By Dan Shea
Dear SAR readers,
SAR serves five basic groups of readers, and each month we try and balance the articles out so that all are well served. Those groups are the recreational and competition shooters, collectors and museums, law enforcement and military users, class three dealers, and the small arms industry. Together, we are the gun culture that Barbara Boxer’s mother warned her about. We have fought the wars, kept the peace, protected and fed our families, and generally had a good time with our various disciplines and hobbies. We have a common bond, we are men at arms. That bond is fragmented many times by people outside us, trying to divide us. Divide and conquer, as it were. SAR stands against that — our readers stand together in the common bond of our martial interests — our history and understanding of military firearms and technology.
In this issue we introduce a new writer, Peter G. Kokalis. The former Technical Editor of Soldier of Fortune magazine joins the “Usual Suspects” at SAR with sterling credentials in the small arms field. He has signed on as a Senior Editor, and will be using his honed editorial skills to help SAR’s Finnish and Russian writers in their submittals, as well as submitting his own storyboard. Peter is a technical gun writer of much accomplishment, and his tenure at SOF included many coups on never-seen- before modern small arms, many times from behind the shadowy mist that was the Iron Curtain. I have personally enjoyed many of these articles, from the AGS-17 to the Type 64 Chinese suppressed SMG.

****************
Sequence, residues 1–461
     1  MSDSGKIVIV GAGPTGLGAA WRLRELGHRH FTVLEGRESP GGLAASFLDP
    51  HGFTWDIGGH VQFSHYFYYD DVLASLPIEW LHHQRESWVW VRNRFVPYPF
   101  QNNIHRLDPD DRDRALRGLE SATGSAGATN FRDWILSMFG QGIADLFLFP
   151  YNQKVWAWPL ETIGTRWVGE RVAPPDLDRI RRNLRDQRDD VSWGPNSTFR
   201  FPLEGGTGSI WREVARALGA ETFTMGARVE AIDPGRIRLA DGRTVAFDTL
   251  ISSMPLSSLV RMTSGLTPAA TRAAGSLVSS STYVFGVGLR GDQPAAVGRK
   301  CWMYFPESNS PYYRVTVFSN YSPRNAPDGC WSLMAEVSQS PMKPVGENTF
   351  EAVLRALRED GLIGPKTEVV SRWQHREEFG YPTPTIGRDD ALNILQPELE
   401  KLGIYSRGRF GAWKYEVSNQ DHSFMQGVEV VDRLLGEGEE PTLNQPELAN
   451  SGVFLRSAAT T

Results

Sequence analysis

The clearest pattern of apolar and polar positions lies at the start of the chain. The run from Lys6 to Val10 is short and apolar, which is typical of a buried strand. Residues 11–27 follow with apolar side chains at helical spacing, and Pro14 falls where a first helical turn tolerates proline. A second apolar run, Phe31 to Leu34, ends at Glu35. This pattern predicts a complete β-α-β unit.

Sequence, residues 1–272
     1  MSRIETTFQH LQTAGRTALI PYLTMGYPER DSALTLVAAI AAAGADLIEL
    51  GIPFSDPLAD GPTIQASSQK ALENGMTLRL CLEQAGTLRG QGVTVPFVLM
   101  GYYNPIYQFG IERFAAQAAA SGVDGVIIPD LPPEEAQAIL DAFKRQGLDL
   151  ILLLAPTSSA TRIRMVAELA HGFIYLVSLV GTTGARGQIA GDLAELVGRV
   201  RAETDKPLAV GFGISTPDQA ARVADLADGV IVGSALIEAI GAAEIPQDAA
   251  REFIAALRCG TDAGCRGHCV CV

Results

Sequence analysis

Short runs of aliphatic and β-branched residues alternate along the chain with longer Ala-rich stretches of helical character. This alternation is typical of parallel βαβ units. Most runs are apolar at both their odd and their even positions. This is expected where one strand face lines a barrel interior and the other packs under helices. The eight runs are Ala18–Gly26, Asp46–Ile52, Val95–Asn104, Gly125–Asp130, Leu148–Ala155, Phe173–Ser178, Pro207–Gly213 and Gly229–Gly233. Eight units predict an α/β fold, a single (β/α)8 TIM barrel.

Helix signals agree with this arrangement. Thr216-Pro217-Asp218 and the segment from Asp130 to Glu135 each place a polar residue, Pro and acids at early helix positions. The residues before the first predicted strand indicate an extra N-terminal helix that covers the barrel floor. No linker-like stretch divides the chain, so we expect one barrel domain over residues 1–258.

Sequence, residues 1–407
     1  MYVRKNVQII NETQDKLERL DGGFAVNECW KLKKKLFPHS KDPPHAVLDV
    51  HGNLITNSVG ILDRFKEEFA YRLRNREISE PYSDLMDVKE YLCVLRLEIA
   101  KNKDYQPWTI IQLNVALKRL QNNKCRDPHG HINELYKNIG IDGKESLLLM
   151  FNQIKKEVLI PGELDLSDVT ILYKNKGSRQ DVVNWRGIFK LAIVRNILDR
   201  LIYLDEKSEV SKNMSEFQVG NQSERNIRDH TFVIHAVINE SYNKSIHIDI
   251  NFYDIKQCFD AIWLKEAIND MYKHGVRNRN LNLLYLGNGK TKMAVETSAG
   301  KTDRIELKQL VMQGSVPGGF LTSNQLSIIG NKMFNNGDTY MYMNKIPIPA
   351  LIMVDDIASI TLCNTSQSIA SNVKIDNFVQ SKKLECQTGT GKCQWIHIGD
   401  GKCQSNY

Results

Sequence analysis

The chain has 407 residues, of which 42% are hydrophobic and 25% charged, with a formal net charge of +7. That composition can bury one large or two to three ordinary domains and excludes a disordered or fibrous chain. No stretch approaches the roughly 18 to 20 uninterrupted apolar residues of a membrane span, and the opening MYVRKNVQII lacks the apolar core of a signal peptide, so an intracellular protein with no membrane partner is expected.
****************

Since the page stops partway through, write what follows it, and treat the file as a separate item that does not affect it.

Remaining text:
The general gun press can be very restrictive on a writer — a few pretty pictures, don’t get too deep, etc. SAR has a history of digging deep, and bringing extensive technical information to the readers — hopefully in an interesting fashion. We like to make SAR a technical reference library for our readers to keep and use forever. This type of work is near and dear to the hearts of SAR’s “Usual Suspects”, and Peter Kokalis has always been with us in spirit.
I hope you will all join me in dumping a belt or magazine downrange (five- to seven- round bursts on the belt feds, two- to three-round bursts on the mags) in welcoming Peter to our fold. Those readers who live in countries that allow such things, should toss a celebratory hand grenade as well. Your neighbors might not understand, but the rest of the RKI’s and Emma Gees certainly will.
|This article first appeared in Small Arms Review V4N9 (June 2001)|